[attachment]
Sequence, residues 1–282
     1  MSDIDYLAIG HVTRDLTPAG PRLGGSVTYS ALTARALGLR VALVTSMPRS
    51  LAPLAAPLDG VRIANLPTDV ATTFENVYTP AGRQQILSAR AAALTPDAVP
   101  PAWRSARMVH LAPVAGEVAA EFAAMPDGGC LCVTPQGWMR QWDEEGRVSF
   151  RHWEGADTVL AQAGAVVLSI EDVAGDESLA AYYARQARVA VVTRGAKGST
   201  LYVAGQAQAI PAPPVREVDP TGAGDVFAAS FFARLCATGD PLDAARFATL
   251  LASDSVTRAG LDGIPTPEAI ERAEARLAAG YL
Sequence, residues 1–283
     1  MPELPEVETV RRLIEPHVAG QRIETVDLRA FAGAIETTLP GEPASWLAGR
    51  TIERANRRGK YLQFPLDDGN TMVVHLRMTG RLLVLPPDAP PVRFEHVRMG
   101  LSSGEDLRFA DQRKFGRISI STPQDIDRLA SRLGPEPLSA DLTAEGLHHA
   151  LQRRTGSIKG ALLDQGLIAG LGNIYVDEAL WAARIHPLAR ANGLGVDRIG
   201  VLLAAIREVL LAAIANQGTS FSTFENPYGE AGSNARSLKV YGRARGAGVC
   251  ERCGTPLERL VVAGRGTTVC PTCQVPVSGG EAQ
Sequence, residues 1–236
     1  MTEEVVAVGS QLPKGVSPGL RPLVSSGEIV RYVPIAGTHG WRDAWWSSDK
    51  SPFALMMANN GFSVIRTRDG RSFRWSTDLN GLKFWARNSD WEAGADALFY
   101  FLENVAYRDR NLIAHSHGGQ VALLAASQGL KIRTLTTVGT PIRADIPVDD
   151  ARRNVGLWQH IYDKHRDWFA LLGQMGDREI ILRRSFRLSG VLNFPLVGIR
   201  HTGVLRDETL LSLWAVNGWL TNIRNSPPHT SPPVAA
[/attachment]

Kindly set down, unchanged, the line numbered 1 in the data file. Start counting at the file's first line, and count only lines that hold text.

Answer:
Sequence, residues 1–282